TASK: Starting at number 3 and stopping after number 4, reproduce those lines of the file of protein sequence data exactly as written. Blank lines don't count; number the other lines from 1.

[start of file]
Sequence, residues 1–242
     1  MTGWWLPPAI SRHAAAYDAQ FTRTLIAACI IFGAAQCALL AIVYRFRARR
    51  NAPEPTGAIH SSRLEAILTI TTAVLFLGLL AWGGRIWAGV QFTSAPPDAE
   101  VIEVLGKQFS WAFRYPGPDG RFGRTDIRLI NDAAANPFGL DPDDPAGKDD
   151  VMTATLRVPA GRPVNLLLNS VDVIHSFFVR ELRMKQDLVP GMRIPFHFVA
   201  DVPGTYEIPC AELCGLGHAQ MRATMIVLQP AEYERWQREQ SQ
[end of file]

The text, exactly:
    51  NAPEPTGAIH SSRLEAILTI TTAVLFLGLL AWGGRIWAGV QFTSAPPDAE
   101  VIEVLGKQFS WAFRYPGPDG RFGRTDIRLI NDAAANPFGL DPDDPAGKDD